Life On The Job



Famous or Historic People

Peter Lalor (5 February 1827 - 9 February 1889)  PARLIAMENTARIAN

Peter Lalor

Introduction:

Peter Lalor, (born Feb. 5, 1827, Tinakill, Queen’s County, Ireland—died Feb. 9, 1889, Melbourne, Australia), Irish-born Australian leader of the 1854 gold miners’ uprising at the Eureka Stockade in Ballarat, Victoria, the most celebrated rebellion in Australian history; subsequently he became a politician.

Lalor was the son of a Home Rule supporter and landowner [Patrick], and he was trained as a civil engineer in Ireland. In the mass migration that followed the great Irish famine in the mid-19th century, Lalor and one of his brothers immigrated to Australia in 1852 (three other brothers went to America).

Lalor found work on the Melbourne-Geelong railway and then at the Eureka goldfield in 1853.

He joined the Ballarat Reform League, formed by miners on Nov. 11, 1854, to protest high license fees, police mistreatment, lack of representation, and shortage of land. When the league’s petition for reform went unanswered by the government, the miners organized to fight on November 30 and chose Lalor as their leader.  (Source: Encyclopedia Britannica)

Did You Know?

The Eureka Stockade

Government troops and police stormed and ransacked the Stockade
Government troops and police stormed and ransacked the Stockade on the morning of December 3rd 1854. Image courtesy of the Art Gallery of Ballarat.

On 30 November another mass burning of licences took place at a meeting on Bakery Hill. Under the leadership of Peter Lalor, the diggers then marched to the Eureka diggings (named after the 'Eureka lead', a deep lead of gold being mined by the diggers) where they constructed the famous stockade.

The stockade itself was a makeshift wooden barricade enclosing about an acre of the goldfields. Inside the stockade some 500 diggers took an oath on the Southern Cross flag, and over the following two days gathered firearms and forged pikes to defend the stockade.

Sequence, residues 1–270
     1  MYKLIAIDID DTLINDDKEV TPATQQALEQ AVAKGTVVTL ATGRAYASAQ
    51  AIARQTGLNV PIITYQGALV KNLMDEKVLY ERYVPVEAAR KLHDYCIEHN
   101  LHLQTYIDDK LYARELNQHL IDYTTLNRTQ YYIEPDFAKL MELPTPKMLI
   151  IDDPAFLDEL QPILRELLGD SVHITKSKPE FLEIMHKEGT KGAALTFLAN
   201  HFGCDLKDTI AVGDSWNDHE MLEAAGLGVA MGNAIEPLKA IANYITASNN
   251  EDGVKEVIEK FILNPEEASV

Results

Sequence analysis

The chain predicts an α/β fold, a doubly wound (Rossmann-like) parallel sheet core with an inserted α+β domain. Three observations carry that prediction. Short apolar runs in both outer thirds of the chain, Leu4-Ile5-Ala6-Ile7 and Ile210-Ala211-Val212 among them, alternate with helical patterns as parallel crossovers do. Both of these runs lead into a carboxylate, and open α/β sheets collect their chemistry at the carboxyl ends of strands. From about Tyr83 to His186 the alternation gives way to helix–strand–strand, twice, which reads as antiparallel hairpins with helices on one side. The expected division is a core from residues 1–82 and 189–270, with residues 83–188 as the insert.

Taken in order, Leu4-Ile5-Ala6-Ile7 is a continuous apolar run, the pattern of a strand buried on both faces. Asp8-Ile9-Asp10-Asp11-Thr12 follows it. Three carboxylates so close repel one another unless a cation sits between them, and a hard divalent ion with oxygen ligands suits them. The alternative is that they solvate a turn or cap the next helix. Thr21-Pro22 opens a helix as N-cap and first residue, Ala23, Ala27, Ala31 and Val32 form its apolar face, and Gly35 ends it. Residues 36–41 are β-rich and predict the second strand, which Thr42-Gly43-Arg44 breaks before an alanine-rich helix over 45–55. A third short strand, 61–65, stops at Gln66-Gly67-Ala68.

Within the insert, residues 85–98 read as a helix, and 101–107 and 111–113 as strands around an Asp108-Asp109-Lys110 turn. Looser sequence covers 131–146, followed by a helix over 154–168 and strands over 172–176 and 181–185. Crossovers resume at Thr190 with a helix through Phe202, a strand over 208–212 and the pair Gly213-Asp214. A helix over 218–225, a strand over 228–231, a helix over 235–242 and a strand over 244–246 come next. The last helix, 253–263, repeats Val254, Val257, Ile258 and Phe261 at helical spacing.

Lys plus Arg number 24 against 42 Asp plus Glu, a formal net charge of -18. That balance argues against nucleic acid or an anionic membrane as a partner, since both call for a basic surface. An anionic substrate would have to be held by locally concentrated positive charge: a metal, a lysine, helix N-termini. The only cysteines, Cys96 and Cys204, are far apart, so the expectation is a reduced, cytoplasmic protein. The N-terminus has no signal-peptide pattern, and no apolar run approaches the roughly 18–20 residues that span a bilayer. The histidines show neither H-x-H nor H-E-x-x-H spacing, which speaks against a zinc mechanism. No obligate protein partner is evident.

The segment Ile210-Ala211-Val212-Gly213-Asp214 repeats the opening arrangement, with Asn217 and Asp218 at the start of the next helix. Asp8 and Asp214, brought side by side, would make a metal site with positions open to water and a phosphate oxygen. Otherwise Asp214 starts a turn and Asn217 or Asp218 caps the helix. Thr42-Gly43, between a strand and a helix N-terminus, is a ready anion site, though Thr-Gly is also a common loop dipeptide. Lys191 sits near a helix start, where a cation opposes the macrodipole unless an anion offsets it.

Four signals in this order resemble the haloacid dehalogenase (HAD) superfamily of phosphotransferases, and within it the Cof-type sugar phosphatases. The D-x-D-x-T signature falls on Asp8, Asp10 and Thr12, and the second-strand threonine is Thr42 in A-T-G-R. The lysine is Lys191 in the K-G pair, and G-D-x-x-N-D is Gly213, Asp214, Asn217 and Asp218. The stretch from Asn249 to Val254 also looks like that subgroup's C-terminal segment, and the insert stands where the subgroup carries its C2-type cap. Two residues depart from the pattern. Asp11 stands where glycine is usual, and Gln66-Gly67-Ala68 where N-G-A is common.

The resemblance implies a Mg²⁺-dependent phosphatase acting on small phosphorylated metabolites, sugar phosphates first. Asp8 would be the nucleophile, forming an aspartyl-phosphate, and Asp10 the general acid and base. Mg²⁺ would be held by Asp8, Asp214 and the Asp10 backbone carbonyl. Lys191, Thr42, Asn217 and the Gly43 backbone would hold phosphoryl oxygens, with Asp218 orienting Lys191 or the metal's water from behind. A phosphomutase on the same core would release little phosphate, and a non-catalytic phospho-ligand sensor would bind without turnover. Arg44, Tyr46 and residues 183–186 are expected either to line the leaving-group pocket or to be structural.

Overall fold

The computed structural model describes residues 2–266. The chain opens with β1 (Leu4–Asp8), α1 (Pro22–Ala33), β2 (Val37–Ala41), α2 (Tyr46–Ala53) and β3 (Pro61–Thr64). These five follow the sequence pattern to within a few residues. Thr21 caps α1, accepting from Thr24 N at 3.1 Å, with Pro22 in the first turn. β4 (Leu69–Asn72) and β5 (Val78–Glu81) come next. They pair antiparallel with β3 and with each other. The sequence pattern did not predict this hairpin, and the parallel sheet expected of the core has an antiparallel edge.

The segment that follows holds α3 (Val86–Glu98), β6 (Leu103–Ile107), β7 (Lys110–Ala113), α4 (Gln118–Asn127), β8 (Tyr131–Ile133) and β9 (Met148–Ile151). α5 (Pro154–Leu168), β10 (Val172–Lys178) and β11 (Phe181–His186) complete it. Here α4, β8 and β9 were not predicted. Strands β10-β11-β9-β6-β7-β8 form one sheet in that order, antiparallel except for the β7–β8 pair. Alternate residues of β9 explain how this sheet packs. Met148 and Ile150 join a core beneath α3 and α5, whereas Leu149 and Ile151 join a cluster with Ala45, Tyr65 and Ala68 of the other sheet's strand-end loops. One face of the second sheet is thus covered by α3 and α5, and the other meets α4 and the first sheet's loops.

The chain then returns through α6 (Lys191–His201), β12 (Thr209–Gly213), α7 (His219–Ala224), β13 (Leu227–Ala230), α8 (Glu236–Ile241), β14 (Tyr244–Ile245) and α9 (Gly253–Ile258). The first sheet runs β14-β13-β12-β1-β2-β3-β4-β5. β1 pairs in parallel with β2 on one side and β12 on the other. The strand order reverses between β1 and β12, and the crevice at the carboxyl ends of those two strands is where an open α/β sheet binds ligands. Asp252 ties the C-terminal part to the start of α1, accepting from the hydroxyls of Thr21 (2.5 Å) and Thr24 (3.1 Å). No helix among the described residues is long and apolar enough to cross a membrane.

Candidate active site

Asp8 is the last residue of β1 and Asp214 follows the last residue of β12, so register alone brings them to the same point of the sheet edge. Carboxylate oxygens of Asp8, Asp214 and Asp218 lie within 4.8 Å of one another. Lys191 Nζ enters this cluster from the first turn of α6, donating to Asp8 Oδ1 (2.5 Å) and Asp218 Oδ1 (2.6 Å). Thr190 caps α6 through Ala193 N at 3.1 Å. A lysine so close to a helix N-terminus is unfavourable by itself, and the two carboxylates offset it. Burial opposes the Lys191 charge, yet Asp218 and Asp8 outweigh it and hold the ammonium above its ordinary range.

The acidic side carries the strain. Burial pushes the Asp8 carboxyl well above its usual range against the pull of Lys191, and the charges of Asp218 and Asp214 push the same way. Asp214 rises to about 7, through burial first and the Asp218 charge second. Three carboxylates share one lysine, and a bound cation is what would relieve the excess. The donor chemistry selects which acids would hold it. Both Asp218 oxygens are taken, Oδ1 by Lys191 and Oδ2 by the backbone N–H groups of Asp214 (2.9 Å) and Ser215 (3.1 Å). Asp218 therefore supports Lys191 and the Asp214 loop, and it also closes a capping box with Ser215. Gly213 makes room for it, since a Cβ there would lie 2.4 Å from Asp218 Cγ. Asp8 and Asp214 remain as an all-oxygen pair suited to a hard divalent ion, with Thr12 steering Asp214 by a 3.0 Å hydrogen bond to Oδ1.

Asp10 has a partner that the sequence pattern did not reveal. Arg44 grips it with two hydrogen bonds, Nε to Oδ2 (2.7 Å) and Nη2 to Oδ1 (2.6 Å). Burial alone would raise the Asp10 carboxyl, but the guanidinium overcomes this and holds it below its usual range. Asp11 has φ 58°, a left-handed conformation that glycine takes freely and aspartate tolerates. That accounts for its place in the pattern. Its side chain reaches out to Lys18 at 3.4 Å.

Eureka Flag
The Eureka Flag

Early in the morning of Sunday 3 December the authorities launched an attack on the stockade. Some weeks earlier the government had ordered the 12th and 40th Regiments to the goldfields to support the police troopers. The diggers were outnumbered and the battle was over in twenty minutes. Twenty-two diggers and five troops were killed. The Southern Cross flag was pulled from the flagpole and souvenired by the victors. Peter Lalor escaped the scene even though his arm had been badly injured (later requiring amputation).

On 6 December martial law was declared, and the following day a Commission into the goldfields was appointed. Thirteen diggers were committed for trial, but all were acquitted when they came to trial in February 1855. Peter Lalor avoided capture. The only person imprisoned as a result of the Eureka Stockade was the Editor of the Ballarat Times, Henry Seekamp, who was found guilty of seditious libel.

Reward for Peter Lalor

In March 1855 the Gold Fields Commission handed down its report, and the government adopted all of its recommendations. The Commission resulted in all the demands of the diggers being met. A bill was passed in 1854 to extend the franchise (the vote) to diggers possessing a miner's right costing one pound, whereas previously a six months residency and an eight pound yearly mining licence were required before a digger could register to vote. The hated Gold Commission was replaced by a system of mining wardens.

In 1855 Peter Lalor later became the first MLC (Member of the Legislative Council) for the seat of Ballarat. The Ballarat miners were given eight representatives on the Legislative Council.

The Eureka legacy

The Eureka rebellion is considered by some historians to be the birthplace of Australian democracy. It is the only Australian example of armed rebellion leading to reform of unfair laws. The Southern Cross flag has been used as a symbol of protest by organisations and individuals at both ends of the political spectrum.
(Source: Australian Government)


Lalor declined a knighthood (Source: Parliament of Victoria)

Education:

Carlton College and Trinity College, Dublin. Lalor trained as a civil engineer. (Source: Parliament of Victoria)

Experiences & Work: